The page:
For Children with Complicated BWS, CHOP’s Many Specialists Provide Coordinated, Expert Care
Published on in HI Hope
Published on in HI Hope
Jaylene Campbell is a special little girl. “She’s one in a billion,” says her mother, Sandra Rodriguez. “She’s super special.”
Jaylene is rambunctious and affectionate, freely giving out hugs to anyone she senses is having a tough time. In her 2½ years, she’s had her own tough times. She was born with Beckwith- Wiedemann syndrome (BWS), a rare genetic condition. One early complication — which occurs in 30 percent to 50 percent of BWS patients — is hypoglycemia (low blood sugar).
It was the unresolved hypoglycemia that initially brought Jaylene to Children’s Hospital and its Congenital Hyperinsulinism (HI) Center from a local hospital in northeast Pennsylvania. Most infants with BWS and hypoglycemia see their blood sugar normalize in their first three days. Fewer than 5 percent need continuous feeding or a partial pancreatectomy to move their sugars into a safe range.
Jaylene was among the 5 percent and, because she was unresponsive to both HI frontline medications, diazoxide and octreotide, she had a near-total pancreatectomy at 9 weeks old. Blood tests had showed Jaylene had extremely high alpha-fetoprotein (AFP) levels, which can indicate cancer, so Surgeon-in-Chief N. Scott Adzick, MD, MMM, also took biopsies of other organs while removing her pancreas.
“I remember him coming into the waiting room and telling us, ‘I held your daughter’s organs in my hands and I didn’t see any cancer,’” Sandra says. The biopsies came back clean, confirming that Jaylene was cancer free.
Even after the pancreatectomy, Jaylene’s sugar levels were low. She returned home on continuous feeds of dextrose and formula — “CHOP trained us how to operate the equipment,” Sandra says — but now she only receives dextrose at night through a gastrostomy tube. During the day, her HI is managed with diet. “I know a lot of children with HI don’t want to eat, but she’s a great little eater,” Sandra says.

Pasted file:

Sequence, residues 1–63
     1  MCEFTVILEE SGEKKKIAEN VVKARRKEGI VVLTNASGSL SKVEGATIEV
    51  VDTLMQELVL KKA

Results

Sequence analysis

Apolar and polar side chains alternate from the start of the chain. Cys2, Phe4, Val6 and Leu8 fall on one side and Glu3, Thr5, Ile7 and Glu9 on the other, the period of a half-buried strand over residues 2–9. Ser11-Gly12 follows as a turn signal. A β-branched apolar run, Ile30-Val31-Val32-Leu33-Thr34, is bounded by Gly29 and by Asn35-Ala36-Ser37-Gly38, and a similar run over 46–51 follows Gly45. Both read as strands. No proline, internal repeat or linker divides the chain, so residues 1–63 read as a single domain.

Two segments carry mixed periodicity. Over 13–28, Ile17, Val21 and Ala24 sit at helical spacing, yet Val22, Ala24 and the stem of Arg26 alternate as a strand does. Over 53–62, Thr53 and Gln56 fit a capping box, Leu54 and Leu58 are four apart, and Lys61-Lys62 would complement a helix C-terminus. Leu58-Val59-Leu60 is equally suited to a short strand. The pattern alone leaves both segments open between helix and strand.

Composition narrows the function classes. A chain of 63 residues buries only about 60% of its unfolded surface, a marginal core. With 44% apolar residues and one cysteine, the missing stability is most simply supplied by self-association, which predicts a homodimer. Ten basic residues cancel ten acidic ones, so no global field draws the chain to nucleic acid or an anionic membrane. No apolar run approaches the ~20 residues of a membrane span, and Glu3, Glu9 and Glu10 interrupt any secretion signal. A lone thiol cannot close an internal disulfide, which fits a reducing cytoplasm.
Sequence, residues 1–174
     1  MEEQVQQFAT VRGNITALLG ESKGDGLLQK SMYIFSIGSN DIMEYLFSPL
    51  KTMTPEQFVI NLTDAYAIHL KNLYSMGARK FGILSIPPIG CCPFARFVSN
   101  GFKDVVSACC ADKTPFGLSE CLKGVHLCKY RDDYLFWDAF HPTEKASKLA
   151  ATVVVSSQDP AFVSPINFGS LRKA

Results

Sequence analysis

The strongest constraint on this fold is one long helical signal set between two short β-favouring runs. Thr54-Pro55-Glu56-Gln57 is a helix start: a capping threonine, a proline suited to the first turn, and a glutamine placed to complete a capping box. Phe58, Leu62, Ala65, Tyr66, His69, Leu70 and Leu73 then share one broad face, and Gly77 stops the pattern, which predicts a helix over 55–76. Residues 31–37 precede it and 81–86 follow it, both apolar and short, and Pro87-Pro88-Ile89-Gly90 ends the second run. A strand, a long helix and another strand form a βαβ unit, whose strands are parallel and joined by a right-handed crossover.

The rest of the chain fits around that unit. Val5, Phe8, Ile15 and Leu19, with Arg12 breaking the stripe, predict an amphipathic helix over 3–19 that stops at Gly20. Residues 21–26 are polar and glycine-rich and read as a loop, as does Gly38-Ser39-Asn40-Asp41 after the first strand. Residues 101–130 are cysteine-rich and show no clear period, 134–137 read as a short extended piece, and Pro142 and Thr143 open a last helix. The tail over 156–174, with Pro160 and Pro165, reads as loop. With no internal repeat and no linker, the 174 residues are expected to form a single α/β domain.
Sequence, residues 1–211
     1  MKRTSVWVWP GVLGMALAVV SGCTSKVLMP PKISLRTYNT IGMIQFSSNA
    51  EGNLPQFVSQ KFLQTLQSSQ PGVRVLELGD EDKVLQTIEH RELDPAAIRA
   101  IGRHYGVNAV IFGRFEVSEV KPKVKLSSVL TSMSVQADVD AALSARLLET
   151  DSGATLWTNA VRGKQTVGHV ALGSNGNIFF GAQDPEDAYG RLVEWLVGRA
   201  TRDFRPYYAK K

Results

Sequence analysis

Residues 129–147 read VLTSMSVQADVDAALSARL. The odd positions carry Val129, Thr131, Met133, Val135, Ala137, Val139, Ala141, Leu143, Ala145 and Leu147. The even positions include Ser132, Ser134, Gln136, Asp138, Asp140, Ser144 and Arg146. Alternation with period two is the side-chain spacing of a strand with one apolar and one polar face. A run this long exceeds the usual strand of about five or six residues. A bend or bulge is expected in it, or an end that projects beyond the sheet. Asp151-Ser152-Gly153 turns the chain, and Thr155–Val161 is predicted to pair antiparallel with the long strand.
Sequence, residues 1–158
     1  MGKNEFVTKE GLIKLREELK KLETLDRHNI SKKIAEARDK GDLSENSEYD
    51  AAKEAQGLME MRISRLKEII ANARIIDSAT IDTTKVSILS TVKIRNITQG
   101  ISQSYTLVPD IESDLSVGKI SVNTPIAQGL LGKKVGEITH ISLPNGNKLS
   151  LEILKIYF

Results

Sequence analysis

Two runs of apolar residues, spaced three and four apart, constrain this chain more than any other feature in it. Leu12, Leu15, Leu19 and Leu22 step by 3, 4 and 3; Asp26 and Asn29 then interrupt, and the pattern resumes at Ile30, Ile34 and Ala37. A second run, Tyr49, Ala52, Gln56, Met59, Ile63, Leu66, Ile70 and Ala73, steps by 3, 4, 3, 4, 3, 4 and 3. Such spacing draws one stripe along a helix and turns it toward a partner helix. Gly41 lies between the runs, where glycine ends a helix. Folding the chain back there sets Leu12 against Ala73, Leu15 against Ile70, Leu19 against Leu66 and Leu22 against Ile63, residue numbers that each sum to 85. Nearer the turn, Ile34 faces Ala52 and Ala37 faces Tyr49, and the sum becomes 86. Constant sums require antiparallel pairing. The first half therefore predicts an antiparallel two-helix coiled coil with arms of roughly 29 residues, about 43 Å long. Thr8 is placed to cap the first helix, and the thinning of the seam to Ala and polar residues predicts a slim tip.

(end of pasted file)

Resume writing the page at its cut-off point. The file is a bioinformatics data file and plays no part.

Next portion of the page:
Jaylene hasn’t had a seizure, which can be triggered by extremely low blood sugar. “We are very blessed,” says Sandra. “There’s nothing wrong with her brain.” Jaylene receives early intervention services and speech therapy to help with a slight developmental delay.
Her BWS diagnosis led Jaylene to CHOP’s genetics team for evaluation. Matthew A. Deardorff, MD, PhD, and his team found that she also had mosaic genome-wide paternal uniparental isodisomy (GWpUPD), an incredibly rare condition which means Jaylene inherited two copies of some genes from her father and none from her mother. Her unique genetic make-up makes her in demand for various research studies, and the family is happy to participate.
The family makes the trip to CHOP for HI follow-up and ongoing scans to detect potential tumors, even though it’s a nearly four-hour trip. Jaylene is also followed by urology (she had surgery to remove polyps on her bladder), oncology, nephrology (her right kidney is larger), orthopedics (her right leg is bigger), gastroenterology, dermatology and nutrition. She had other CHOP inpatient stays for pneumonia, a respiratory infection and a bowel obstruction that required surgery — all before she celebrated her first birthday.
In addition to access to all the specialists, the caring way Jaylene and her family are treated at CHOP makes the long drive worth it. “We know Jaylene is very well loved in the Hospital,” Sandra says. “Times when I have struggled, they have been there to listen and to support me.”